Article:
Characteristics of the recent warming of permafrost in Alaska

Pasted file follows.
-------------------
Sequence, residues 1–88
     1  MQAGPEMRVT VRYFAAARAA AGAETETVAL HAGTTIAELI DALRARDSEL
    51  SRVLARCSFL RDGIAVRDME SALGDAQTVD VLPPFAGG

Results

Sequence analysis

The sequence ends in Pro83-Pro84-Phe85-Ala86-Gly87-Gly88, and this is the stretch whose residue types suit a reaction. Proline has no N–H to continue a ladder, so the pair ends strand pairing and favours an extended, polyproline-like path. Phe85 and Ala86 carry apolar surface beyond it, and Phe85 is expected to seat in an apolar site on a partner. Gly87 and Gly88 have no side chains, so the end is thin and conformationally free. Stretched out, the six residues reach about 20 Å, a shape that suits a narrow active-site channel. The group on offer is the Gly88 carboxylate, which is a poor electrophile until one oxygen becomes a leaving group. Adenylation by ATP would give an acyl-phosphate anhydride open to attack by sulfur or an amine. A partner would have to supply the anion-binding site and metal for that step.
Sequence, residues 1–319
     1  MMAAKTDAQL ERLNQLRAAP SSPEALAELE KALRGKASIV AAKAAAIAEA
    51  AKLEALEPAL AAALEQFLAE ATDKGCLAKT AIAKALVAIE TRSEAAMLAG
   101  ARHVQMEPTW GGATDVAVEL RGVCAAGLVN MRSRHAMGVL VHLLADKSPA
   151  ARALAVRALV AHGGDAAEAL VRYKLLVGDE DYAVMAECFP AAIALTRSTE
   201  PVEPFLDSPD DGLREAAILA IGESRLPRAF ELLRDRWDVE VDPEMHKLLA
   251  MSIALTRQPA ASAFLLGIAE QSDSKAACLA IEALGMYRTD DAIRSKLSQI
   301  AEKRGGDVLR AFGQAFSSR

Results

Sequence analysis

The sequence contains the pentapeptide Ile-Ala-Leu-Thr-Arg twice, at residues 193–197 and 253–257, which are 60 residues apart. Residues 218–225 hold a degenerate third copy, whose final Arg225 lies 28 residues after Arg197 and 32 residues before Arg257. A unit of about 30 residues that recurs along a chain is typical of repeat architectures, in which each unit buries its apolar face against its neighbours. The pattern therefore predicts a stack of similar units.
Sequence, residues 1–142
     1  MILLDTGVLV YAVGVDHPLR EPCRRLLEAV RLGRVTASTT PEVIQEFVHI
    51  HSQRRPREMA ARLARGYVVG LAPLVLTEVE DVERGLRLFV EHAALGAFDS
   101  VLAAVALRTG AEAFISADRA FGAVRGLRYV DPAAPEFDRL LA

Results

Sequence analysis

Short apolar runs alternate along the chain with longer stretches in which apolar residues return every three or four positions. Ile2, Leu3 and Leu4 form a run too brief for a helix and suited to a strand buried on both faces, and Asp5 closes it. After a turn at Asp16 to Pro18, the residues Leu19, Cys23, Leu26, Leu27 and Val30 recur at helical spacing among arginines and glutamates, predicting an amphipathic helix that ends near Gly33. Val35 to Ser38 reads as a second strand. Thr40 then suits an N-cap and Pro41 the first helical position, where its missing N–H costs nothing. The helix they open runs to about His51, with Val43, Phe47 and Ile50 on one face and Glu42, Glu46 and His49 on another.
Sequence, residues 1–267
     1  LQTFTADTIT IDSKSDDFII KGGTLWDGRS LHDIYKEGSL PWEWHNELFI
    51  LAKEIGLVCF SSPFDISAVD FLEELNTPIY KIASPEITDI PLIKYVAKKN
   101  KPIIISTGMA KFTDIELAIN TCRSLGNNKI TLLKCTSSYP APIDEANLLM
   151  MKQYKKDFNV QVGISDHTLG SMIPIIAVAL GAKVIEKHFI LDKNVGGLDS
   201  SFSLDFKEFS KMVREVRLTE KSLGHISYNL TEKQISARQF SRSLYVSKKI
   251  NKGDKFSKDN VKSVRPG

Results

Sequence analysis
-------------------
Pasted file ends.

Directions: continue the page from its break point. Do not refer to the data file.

[1] Tentative answers are provided to questions concerning the recent warming of permafrost in Alaska, particularly those regarding timing, duration, magnitude, spatial distribution, seasonality, active layer effects, thawing, thermokarst terrain, and causes. Permafrost warmed at most sites north of the Brooks Range from the Chukchi Sea to the Alaska-Canada border, south along a transect from Prudhoe Bay to Gulkana and at sites up to 300 km from the transect. The warming was coincident with the statewide warming of air temperatures that began in 1976/1977 and appears to have occurred statewide with some exceptions. Magnitude of the warming was 3 to 4°C for the Arctic Coastal Plain, 1 to 2°C for the Brooks Range including its northern and southern foothills, and 0.3 to 1°C south of the Yukon River. This suggests a total warming of >6°C at Prudhoe Bay during the last century. The warming was seasonal (primarily in winter) with little change in summer conditions. Consequently, active layer thicknesses did not increase and were not correlated with warming permafrost conditions. Natural thawing at the permafrost surface (∼0.1 m/yr) occurred at both a tundra and forest site. Basal thawing at one site was ∼0.04 m/yr until 2000 when it accelerated to ∼0.09 m/yr. New thermokarst terrain has been observed in interior and northern Alaska. Probable causes of the warming include increased air temperatures, snow cover effects, and combinations of these. New investigations are needed to further determine the characteristics, especially the causes, of this recent permafrost warming.